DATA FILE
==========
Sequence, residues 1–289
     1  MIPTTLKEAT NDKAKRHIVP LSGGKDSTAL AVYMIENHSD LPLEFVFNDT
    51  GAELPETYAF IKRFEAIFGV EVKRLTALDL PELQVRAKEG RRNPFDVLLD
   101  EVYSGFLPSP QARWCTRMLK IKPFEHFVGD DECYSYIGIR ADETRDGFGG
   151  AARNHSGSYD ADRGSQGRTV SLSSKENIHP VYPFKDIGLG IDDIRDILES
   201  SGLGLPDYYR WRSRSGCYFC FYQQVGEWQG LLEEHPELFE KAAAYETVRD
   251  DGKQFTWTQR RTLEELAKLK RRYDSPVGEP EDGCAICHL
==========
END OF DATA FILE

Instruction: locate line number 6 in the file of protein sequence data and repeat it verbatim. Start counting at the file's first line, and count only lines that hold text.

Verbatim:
   201  SGLGLPDYYR WRSRSGCYFC FYQQVGEWQG LLEEHPELFE KAAAYETVRD